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Casper City Council passes anti-discrimination resolution after hours of testimony

Casper City Council passes anti-discrimination resolution after hours of testimony

Casper City Council

Casper City Council members Chris Walsh, left, and Vice Mayor Charlie Powell listen during an October council work session.

Casper’s LGBT community received official support from the city’s elected leaders Tuesday in the form of a resolution that condemns discrimination due to sexual orientation.

The anti-discrimination resolution approved by the City Council affirms “the right of LGBT citizens to live free of discrimination in all of its forms.” The non-binding statement was proposed three months ago by the local chapter of Parents and Friends of Lesbians and Gays.

Councilman Dallas Laird, who voted in favor of the measure, said Wednesday that it was a “monumental moment” for the city.

“This kind of thing is about the hearts and minds of people and it’s not something that you can legislate lightly,” he said. “But I think you have to do the right thing, and I think it was a kind act.”

Laird said he hopes the resolution will help members of the LGBT community feel safe and accepted in Casper.

Resolutions lack the teeth of ordinances, but PFLAG representatives told the Council the measure is still a meaningful gesture of goodwill toward the LGBT community.

Tuesday’s four-hour meeting was a public hearing in everything but name: About 20 people passionately addressed the Council prior to the vote.

Faith and religion were at the forefront of the discussion, with those on both sides of the issue frequently referencing the Bible and the teachings of Jesus Christ.

United Church of Christ Reverend Dee Lundberg acknowledged that there are lines in the Bible that condemn same-sex relationships. However, she pointed out that there are also lines in the Bible that say those who curse their parents should be put to death and those who are slaves should remain slaves.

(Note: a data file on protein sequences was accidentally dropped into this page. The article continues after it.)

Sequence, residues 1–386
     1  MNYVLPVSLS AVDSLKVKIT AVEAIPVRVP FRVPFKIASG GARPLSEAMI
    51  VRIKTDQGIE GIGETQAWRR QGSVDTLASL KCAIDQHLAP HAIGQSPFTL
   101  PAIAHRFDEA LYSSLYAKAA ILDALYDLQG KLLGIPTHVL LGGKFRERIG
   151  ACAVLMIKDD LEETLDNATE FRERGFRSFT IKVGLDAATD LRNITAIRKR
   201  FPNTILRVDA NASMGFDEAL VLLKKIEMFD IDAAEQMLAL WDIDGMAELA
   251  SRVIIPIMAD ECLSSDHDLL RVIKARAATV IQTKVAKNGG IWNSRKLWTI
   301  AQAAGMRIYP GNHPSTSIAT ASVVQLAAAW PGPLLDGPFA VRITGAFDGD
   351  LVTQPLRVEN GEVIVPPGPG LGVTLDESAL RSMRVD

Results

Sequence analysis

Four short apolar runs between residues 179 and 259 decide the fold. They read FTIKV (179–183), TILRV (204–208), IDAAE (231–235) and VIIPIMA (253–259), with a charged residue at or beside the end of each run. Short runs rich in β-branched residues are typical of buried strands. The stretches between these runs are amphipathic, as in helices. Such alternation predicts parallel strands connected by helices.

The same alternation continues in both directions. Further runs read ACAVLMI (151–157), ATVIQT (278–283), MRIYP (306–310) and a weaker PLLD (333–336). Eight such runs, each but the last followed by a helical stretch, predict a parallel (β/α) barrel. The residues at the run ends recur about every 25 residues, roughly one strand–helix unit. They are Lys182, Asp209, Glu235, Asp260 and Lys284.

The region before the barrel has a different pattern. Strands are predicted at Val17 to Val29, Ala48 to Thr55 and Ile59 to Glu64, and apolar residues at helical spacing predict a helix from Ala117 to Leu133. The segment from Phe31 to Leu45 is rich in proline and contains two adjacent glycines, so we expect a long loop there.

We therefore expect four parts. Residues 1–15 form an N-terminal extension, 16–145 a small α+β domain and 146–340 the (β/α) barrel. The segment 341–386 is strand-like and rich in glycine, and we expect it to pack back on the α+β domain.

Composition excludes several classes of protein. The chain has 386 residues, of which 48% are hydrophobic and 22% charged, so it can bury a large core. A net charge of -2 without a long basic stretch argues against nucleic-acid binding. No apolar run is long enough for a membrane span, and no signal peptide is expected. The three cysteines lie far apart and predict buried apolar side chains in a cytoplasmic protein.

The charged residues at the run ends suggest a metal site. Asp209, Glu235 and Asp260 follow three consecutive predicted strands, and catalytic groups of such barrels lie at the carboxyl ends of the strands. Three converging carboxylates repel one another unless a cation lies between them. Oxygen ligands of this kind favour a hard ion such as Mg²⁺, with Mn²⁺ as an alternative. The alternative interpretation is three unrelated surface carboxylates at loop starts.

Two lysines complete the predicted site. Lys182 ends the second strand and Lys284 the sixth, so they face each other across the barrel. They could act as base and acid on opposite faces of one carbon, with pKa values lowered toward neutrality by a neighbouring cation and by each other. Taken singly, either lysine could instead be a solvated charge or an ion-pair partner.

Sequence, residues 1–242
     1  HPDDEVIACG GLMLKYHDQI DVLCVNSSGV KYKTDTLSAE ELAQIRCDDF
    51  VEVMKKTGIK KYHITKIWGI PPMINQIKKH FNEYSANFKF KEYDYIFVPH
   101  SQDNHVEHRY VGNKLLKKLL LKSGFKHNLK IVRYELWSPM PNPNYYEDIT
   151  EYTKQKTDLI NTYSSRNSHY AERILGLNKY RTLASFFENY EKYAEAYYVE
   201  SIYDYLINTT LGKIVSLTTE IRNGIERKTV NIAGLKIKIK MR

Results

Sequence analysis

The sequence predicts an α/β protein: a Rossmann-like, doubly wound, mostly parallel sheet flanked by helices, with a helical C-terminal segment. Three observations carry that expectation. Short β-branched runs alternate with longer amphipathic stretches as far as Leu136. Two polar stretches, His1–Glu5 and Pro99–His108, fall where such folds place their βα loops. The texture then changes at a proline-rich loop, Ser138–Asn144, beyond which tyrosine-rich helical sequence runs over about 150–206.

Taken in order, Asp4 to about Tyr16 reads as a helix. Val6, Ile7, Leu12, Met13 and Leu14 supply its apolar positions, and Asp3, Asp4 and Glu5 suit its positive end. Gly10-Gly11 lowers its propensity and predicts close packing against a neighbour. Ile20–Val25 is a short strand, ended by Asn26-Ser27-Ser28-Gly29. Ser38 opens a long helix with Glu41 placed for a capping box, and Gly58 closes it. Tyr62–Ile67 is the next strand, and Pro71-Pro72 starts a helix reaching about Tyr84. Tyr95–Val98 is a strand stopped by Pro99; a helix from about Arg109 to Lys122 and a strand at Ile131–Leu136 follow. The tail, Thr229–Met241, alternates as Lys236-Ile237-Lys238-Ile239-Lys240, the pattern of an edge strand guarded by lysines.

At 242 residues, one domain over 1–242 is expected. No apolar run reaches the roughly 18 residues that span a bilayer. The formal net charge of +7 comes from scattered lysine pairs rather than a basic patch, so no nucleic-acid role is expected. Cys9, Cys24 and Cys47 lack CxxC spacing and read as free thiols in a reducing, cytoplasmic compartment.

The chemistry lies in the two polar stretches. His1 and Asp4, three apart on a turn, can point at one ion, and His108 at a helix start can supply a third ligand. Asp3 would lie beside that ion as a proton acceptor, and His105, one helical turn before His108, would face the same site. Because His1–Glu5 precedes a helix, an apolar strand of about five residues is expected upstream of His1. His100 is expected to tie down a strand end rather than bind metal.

God gave us the Bible, Lundberg said, but “God also gave us a brain and a heart.”

While some speakers, like Lundberg, supported the resolution, others objected.

Many of those who spoke against the measure said they did not support discrimination, but were worried the resolution will lead the city down a dangerous path.

Jeffrey Snyder said he thought approving the resolution will still send a “nod of approval” to state legislators to pass a statewide law. Snyder said he’s afraid this will lead to discrimination against business owners who hold religious values that conflict with the law.

Elena Nachbar also cautioned the Council against approving the resolution, stating that it will cause “chaos and uncertainty.” The teen expressed concerns the measure could one day lead to women being legally required to share dressing areas or bathrooms with transgender women.

The Council ultimately approved the resolution, although some members struggled with the decision.